Tag Archive: salvation


Although there are four Gospels in the Bible, the events they usually talk about are the same events told by four different people. Each Gospel has a tone and purpose. In short, Matthew was written to the Jews to prove through the Old Testament that Jesus was the Messiah. Mark was written to the Gentiles, Romans in particular, to prove through miracles and teaching, that Jesus is the Son of God. Luke was written to Theophilus and was meant to give a detailed and orderly account of everything that happened to Jesus from birth to death and resurrection. Finally, John writes so that we might “believe that Jesus is the Christ, the Son of God, and that by believing you may have life in his name” (John 20:30-31). Because these Gospels tell the same story in slightly different ways it’s easy to read one account and think it’s the same account in other Gospels. Until today, I had assumed the Parable of the Ten Minas (Luke 19:11-27) and The Parable of the Bags of Gold (Matthew 25:14-30) were basically the same incident until I realized one parable had ten servants while the other only had three.

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“All these I have kept since I was a boy,” he said.

Luke 18:21 (NIV)

Three out of the four Gospels contain the account of a young man who asked Jesus, “What must I do to inherit eternal life?” (Luke 18:18). In each account, the young man acknowledges that Jesus knows what is morally correct and pure. In Mark and Luke, the young man refers to Jesus as the “good teacher” while he asks Jesus, “What good thing must I do to get eternal life?” in Matthew. In addition, Mark and Luke contain Jesus’ statement that, “‘No one is good—except God alone'” (Mark 10:18). Although Matthew has the young man asking about the “good thing” he must do, Jesus’ response is basically the same as in Mark and Luke: “There is only One who is good” (Matthew 19:17). In all three Gospels, Jesus tells the young man he has to obey the commandments, and the man tells Jesus he’s obeyed all of the commandments since he was a boy. However, only the Gospel of Mark includes this descriptor, “Jesus looked at him and loved him” (Mark 10:21 NIV). I noted today, while reading Luke, that this phrase was missing, so I looked into this conversation between the young man and Jesus.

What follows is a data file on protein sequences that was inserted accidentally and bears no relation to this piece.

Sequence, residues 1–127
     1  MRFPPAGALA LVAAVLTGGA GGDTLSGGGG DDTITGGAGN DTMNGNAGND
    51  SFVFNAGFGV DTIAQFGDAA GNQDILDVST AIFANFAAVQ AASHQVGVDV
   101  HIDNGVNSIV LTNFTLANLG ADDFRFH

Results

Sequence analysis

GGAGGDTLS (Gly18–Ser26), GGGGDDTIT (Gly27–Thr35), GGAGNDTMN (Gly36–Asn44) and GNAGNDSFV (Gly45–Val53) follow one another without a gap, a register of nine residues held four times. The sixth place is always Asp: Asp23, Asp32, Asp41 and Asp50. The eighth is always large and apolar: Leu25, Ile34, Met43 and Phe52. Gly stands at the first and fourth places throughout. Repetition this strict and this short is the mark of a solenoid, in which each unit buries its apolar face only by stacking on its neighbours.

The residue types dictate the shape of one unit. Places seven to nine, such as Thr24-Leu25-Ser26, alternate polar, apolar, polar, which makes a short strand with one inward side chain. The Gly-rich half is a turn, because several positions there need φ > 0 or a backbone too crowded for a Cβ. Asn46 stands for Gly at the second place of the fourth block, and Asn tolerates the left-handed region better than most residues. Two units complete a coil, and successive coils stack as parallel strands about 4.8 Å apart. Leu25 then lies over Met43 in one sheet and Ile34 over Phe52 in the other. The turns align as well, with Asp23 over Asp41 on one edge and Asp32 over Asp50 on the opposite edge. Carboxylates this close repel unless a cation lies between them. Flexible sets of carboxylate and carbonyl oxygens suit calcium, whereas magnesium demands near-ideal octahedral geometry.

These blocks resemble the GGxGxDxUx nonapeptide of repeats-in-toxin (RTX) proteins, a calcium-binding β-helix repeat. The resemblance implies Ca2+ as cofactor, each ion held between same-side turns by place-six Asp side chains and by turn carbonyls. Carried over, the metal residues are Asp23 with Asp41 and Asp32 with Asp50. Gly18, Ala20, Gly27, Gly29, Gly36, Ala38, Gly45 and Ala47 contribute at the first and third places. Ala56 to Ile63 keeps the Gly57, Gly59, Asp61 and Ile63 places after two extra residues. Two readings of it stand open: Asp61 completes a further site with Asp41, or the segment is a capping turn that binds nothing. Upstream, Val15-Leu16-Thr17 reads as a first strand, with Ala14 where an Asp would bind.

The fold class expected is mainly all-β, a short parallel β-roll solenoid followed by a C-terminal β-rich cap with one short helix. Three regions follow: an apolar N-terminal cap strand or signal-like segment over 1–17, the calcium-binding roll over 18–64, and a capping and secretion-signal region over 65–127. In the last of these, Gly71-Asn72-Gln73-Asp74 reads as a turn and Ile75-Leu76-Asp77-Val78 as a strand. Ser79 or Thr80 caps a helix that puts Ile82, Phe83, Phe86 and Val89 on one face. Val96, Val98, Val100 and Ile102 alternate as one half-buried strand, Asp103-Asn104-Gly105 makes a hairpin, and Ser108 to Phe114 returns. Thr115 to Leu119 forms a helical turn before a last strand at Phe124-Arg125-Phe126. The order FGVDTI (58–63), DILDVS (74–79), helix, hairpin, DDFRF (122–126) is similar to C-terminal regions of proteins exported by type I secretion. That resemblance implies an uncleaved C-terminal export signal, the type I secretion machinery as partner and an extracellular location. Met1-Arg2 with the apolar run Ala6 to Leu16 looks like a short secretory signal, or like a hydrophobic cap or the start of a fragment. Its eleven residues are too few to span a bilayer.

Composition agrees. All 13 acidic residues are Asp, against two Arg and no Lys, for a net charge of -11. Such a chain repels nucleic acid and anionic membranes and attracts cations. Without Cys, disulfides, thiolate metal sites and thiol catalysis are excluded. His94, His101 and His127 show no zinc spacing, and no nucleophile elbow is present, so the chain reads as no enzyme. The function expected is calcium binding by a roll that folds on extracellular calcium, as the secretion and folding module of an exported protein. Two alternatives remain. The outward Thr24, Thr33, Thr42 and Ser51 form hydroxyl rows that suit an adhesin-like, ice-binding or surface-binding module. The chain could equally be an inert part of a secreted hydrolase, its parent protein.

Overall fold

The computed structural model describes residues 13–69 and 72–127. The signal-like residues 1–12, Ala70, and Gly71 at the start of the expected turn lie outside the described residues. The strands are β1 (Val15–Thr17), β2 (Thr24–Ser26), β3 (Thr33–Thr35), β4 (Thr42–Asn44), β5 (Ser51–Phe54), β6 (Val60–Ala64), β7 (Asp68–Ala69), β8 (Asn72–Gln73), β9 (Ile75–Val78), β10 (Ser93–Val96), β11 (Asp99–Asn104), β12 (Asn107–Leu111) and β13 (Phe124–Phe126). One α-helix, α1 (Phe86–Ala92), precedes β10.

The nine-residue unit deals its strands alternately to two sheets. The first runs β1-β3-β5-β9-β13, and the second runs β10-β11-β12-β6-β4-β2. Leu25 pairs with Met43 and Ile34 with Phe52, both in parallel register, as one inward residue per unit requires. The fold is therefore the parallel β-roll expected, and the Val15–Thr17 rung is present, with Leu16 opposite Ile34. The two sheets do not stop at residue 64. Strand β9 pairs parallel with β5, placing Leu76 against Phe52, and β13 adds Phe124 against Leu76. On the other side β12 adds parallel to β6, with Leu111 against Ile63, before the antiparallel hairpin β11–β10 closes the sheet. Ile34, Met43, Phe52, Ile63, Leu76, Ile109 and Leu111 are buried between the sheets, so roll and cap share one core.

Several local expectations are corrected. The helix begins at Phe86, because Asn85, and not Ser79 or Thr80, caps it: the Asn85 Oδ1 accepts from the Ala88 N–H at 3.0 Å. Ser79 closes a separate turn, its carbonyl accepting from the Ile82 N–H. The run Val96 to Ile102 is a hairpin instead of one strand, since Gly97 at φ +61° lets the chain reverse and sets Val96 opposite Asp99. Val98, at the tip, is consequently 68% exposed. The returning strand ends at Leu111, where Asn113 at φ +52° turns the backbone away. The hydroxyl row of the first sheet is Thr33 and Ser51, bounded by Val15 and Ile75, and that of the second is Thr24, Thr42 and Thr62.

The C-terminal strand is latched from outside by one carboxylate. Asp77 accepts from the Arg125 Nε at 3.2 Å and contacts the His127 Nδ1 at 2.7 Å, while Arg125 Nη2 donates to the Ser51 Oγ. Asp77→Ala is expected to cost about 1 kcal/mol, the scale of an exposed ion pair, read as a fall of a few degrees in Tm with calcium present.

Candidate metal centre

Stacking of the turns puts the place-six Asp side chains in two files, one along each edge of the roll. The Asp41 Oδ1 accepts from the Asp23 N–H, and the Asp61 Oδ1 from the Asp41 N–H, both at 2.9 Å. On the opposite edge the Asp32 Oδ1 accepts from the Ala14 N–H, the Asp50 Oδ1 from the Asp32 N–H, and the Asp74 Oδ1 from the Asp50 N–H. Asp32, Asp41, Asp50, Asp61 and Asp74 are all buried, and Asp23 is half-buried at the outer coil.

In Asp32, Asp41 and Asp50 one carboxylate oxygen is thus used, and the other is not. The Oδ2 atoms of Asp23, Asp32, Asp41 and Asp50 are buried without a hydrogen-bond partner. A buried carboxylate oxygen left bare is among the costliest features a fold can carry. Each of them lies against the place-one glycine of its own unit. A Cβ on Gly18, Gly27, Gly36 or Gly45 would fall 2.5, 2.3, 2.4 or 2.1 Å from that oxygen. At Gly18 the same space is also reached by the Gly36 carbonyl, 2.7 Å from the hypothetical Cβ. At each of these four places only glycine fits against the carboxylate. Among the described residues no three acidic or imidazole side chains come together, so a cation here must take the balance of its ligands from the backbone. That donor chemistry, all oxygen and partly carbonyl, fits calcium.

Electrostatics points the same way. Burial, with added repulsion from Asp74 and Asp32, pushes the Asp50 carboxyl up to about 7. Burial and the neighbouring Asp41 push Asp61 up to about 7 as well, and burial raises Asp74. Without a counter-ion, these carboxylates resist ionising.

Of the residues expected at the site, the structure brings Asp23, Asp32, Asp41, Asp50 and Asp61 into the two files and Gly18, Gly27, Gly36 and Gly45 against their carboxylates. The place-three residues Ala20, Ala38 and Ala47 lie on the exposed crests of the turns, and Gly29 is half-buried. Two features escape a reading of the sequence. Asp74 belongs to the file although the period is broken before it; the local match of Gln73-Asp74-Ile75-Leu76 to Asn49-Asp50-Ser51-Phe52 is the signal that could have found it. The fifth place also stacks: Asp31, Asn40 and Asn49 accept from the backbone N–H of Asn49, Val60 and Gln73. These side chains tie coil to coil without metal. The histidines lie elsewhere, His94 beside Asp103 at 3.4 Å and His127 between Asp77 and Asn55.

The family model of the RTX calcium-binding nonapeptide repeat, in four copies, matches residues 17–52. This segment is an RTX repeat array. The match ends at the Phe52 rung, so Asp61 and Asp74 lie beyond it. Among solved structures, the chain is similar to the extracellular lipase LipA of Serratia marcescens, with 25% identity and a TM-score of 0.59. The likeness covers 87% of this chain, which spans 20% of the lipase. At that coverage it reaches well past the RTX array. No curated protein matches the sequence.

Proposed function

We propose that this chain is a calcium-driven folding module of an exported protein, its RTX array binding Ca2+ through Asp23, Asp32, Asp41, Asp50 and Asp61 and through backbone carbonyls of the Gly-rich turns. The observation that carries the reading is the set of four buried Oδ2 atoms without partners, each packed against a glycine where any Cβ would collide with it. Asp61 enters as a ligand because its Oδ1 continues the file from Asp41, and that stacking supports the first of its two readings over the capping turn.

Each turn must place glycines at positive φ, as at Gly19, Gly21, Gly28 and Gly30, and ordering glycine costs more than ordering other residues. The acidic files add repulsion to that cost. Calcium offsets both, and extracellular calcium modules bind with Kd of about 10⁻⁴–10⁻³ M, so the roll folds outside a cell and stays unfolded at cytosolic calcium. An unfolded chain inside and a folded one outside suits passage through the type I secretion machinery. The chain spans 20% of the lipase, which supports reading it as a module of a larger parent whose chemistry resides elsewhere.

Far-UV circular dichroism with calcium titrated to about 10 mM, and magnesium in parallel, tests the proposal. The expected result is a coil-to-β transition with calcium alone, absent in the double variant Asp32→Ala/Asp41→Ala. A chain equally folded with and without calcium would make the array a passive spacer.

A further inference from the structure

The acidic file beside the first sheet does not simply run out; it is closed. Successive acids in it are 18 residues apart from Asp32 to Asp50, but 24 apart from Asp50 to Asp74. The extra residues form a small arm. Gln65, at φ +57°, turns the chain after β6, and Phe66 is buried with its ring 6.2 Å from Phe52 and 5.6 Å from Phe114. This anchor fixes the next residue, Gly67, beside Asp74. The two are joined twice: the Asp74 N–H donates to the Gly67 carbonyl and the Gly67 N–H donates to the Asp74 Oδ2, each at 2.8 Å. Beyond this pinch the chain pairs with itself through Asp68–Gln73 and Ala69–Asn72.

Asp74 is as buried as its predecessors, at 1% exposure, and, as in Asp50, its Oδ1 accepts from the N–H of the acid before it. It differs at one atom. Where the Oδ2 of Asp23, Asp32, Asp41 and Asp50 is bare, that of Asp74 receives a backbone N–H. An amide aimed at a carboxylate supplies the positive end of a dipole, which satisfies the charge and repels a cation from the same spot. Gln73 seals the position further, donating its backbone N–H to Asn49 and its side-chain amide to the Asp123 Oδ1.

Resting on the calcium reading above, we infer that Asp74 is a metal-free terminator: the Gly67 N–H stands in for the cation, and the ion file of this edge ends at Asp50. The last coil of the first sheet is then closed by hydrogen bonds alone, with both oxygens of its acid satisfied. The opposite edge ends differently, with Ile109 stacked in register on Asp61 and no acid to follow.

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Produce fruit in keeping with repentance. And do not begin to say to yourselves, ‘We have Abraham as our father.’ For I tell you that out of these stones God can raise up children for Abraham.

Luke 3:8 (NIV)

I love my pastor. He’s an awesome man of God, and he’s funny too. He cares a lot about his flock and wants to make sure everyone under his care goes to Heaven. When I read this verse today from Luke about John the Baptist and his response to all of the people coming to be baptized I thought of something I’ve heard my pastor say about going to church, “Going to church doesn’t mean you’re saved any more than standing in a garage makes you a Buick.” I think there are two types of people who go to church. People who want to be there and people who don’t. I wonder then, why do people go to church if they don’t want to be there?

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Sometimes when I’m reading the Bible I pause and wonder why the scripture I’m reading is in there. I know “All Scripture is God-breathed and is useful for teaching, rebuking, correcting and training in righteousness,” (2 Timothy 3:16 NIV) so when I’m reading one of those scriptures I ask the Lord, “What about this? How is this useful for teaching, rebuking, correcting, and training in righteousness?” I believe in the word of God so when I’m asking God this question I really want to understand. This was the case today when I read through most of Ezekiel 40 and 41.

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